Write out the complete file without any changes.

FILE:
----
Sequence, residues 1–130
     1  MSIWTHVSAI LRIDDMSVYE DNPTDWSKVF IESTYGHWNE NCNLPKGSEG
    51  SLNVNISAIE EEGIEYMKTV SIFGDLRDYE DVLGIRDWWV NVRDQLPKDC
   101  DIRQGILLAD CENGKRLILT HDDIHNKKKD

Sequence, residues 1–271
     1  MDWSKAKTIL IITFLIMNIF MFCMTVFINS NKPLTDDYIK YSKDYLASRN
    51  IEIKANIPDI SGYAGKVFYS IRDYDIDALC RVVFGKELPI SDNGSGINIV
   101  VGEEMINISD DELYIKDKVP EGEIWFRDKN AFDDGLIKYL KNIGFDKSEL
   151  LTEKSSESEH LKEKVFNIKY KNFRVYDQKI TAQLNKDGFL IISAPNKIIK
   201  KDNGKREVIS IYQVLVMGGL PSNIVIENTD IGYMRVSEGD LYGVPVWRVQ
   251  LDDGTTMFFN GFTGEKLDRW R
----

Sequence, residues 1–130
     1  MSIWTHVSAI LRIDDMSVYE DNPTDWSKVF IESTYGHWNE NCNLPKGSEG
    51  SLNVNISAIE EEGIEYMKTV SIFGDLRDYE DVLGIRDWWV NVRDQLPKDC
   101  DIRQGILLAD CENGKRLILT HDDIHNKKKD

Sequence, residues 1–271
     1  MDWSKAKTIL IITFLIMNIF MFCMTVFINS NKPLTDDYIK YSKDYLASRN
    51  IEIKANIPDI SGYAGKVFYS IRDYDIDALC RVVFGKELPI SDNGSGINIV
   101  VGEEMINISD DELYIKDKVP EGEIWFRDKN AFDDGLIKYL KNIGFDKSEL
   151  LTEKSSESEH LKEKVFNIKY KNFRVYDQKI TAQLNKDGFL IISAPNKIIK
   201  KDNGKREVIS IYQVLVMGGL PSNIVIENTD IGYMRVSEGD LYGVPVWRVQ
   251  LDDGTTMFFN GFTGEKLDRW R